The Road by Cormac McCarthy

Ethics in The Road
Everyone has a friend who says one thing but does another, a person whose actions are contradictory to his or her words. Imagine someone who is in favor of being green and keeping the earth clean. This person does extensive research before purchasing products so that when it comes time to throw them out most of his or her belongings can be recycled and reused by other people. The individual attends environmental protection meetings and is enthusiastic with spreading the word among friends. But at the same time that person smokes cigarettes and pollutes the air. The person believes that he or she is helping the earth by attending meetings and being present at rallies but does not realize that smoking is going against what he supposedly believes in. Similarly in Cormac McCarthy’s The Road, the father and son define themselves as the “good guys” but they do not help out the rest of the survivors. McCarthy suggests that law and ethics usually go hand in hand. For example, it is unethical to murder someone and it is also against the law to kill another human being. But in a world that has lost authority, ethics is also lost because each person has his or her own definition of what the morally correct thing to do when there is now law.
Cormac McCarthy was first inspired to write The Road when he visited Texas in 2003 with his son. He thought about what the area would look like in the future and saw “fire up on the hill”. The Road won the 2007 Pulitzer Prize for fiction and is dedicated to his son. (Winfrey) The novel is about a father and his son wandering through the ashes of America after an apocalypse. The book does not explicitly show reader what the catastrophic event occurred, but allows the reader to imagine with meticulous descriptions of many disastrous scenes. They are traveling south towards warmer temperatures. They do not have much left except the road on which they travel on and each other. Since there is no animals or vegetation for consumption some humans resort to cannibalism. Throughout the book the father reassures his son that they are “the good guys” and they must find shelter from “the bad guys”, the cannibals. They have one firearm but only two bullets are loaded in it. The gun is their last resort in case they fall in the hands of the cannibals. The few survivors they meet they leave behind in order to save themselves and hopefully reach their destination. When it comes down to it they father will prioritize his son and himself over everyone else.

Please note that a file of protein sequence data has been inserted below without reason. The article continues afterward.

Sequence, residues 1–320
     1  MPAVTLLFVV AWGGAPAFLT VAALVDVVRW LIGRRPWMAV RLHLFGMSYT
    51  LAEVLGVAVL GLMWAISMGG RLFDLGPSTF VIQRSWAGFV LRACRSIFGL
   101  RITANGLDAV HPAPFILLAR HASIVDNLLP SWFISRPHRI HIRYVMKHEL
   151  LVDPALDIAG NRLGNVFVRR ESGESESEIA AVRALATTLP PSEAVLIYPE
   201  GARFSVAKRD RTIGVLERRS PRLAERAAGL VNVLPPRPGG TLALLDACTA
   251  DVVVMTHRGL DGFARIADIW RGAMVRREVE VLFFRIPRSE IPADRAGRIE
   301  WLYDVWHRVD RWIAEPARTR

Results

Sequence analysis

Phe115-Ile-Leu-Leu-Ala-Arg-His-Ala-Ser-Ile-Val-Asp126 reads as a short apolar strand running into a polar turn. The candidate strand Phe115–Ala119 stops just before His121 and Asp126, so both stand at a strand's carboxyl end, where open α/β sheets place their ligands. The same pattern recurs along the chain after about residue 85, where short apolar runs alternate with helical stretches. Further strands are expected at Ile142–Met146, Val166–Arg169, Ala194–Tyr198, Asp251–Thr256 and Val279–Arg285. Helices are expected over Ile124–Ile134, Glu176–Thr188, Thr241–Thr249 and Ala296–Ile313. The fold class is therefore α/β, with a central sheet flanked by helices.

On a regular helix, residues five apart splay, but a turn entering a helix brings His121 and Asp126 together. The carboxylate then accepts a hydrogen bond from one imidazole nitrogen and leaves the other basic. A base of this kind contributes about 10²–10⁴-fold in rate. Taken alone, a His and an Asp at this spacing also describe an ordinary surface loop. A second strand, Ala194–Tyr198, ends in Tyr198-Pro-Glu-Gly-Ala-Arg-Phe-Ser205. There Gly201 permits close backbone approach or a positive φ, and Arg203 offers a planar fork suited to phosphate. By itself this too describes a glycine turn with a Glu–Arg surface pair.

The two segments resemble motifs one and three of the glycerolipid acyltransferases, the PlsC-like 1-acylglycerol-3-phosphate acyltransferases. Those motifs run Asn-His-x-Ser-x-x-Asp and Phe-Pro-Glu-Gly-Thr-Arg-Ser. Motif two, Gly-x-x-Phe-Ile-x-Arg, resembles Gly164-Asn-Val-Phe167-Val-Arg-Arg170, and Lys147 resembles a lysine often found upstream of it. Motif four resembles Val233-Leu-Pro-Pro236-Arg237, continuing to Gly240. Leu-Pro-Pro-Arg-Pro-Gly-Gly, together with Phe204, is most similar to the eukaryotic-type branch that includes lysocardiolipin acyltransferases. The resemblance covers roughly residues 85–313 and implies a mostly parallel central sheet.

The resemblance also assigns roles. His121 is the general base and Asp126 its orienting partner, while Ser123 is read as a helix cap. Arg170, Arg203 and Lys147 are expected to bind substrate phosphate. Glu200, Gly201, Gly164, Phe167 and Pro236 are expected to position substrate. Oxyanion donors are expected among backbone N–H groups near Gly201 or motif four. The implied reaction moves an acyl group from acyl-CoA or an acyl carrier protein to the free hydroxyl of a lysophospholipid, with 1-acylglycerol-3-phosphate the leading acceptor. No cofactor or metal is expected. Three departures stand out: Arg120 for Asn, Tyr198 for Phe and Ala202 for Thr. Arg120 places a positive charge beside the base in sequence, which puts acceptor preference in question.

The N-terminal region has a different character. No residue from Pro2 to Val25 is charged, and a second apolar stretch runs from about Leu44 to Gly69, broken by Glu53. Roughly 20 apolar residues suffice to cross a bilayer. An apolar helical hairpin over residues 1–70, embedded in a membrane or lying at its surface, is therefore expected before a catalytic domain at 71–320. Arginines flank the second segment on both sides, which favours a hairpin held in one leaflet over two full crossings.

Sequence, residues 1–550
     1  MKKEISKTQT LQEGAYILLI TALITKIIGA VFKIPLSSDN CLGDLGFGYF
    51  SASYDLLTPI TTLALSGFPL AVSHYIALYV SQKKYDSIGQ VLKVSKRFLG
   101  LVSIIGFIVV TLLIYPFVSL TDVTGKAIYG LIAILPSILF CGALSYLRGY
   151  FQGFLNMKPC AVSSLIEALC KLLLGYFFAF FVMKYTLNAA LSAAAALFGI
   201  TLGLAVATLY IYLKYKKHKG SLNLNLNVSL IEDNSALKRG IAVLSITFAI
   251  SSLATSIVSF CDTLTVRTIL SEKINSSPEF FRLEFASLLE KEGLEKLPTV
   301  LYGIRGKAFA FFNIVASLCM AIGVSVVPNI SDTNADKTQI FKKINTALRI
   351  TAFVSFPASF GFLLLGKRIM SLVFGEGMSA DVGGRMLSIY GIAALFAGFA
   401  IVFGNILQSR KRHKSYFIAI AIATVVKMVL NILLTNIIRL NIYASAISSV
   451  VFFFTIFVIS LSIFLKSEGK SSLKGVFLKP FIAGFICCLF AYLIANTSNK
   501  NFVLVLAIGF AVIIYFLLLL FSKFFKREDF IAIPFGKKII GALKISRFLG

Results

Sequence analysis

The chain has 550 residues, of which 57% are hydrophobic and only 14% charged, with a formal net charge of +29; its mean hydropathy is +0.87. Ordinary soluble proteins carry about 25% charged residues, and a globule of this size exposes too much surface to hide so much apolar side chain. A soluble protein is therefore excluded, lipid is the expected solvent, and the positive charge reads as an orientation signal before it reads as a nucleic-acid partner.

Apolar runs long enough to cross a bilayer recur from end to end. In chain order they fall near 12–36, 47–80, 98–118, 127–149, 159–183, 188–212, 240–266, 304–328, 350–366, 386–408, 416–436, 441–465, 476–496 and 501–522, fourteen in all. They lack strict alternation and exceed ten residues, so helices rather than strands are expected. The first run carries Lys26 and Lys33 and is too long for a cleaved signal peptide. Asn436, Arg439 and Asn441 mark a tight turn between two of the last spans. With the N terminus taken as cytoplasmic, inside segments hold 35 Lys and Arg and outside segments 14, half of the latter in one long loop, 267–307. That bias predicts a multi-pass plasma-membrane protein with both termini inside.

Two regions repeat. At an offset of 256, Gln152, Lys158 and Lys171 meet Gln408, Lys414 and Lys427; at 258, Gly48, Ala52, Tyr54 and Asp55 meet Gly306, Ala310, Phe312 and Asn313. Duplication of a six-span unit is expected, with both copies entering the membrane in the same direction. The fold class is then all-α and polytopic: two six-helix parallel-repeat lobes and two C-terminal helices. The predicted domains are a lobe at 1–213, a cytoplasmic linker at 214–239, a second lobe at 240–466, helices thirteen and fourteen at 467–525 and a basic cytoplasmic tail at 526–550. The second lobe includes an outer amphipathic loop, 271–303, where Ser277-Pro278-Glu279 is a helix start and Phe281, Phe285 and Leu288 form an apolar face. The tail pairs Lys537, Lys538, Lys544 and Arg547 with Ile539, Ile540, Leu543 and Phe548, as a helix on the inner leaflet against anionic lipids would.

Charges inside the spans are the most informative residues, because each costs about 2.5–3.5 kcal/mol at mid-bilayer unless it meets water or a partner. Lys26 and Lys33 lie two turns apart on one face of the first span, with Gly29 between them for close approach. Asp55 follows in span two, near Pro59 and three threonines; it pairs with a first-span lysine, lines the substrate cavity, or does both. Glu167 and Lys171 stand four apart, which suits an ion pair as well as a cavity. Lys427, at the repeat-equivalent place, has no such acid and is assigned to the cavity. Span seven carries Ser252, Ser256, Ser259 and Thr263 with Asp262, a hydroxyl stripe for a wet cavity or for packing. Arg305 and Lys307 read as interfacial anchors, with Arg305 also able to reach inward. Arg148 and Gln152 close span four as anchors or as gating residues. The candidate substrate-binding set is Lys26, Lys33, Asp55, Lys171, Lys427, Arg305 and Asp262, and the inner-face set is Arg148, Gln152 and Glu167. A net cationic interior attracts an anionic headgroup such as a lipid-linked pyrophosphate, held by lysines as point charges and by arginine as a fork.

Throughout the novel the father constantly reminds his son that they are “the good guys”. He confirms “we’re ok…nothing bad is going to happen to us…because we’re carrying the fire.” (83) With this continual encouragement that they are upright and holding a supposed conflagration the father and son find the strength to keep traveling towards their destination. The father created a divide to separate him and his son from the supposed enemies. The label “the bad guys” consists of roadagents, cannibals, and anyone who could pose a threat to the man and his son. The man tells the boy stories about the old world and hope to try to keep fire alive in his son. They talk about the possibilities about a crow flying to Mars. The father says, “if you had a really good spaceship and you had people to help you I suppose you could go.” (157) The adult tries to instill hope in the child. Even in times of hardship the father teaches the son “This is what the good guys do. They keep trying. They don’t give up.” (137) When the man dies and the boy is found by a family who offer to take him in he asks, “How do I know you’re one of the good guys?…Are you carrying the fire? (283) When the boy runs into trouble in the future he still remembers his father’s words and keeps trying to protect himself and searching for the good guys.